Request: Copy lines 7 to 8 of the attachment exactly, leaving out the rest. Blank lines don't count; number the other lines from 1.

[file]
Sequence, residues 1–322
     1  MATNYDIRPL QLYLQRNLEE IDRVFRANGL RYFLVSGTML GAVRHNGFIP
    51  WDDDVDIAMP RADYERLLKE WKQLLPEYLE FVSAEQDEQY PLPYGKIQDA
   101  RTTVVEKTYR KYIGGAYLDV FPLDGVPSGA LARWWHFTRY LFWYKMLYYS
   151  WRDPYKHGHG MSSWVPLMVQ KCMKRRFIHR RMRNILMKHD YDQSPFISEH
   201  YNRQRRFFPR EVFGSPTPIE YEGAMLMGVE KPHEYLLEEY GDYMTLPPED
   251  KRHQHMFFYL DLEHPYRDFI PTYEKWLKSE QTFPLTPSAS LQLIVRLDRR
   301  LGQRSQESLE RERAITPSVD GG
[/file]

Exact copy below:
   251  KRHQHMFFYL DLEHPYRDFI PTYEKWLKSE QTFPLTPSAS LQLIVRLDRR
   301  LGQRSQESLE RERAITPSVD GG